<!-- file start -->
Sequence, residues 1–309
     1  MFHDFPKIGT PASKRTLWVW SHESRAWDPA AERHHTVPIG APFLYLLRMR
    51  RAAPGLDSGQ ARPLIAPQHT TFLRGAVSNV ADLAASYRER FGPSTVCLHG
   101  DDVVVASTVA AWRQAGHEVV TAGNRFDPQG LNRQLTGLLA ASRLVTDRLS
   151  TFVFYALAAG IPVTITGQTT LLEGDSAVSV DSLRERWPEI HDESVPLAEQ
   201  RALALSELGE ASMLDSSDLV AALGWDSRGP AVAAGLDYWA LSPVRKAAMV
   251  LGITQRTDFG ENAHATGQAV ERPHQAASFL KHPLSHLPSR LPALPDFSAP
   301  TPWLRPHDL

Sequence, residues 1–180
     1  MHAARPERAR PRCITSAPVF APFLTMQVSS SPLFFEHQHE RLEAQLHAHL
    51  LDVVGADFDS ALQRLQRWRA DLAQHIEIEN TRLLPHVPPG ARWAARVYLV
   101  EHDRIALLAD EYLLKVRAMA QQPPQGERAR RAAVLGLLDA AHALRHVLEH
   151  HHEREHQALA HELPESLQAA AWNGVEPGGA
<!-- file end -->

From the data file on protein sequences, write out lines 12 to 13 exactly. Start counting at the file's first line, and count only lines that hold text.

   101  EHDRIALLAD EYLLKVRAMA QQPPQGERAR RAAVLGLLDA AHALRHVLEH
   151  HHEREHQALA HELPESLQAA AWNGVEPGGA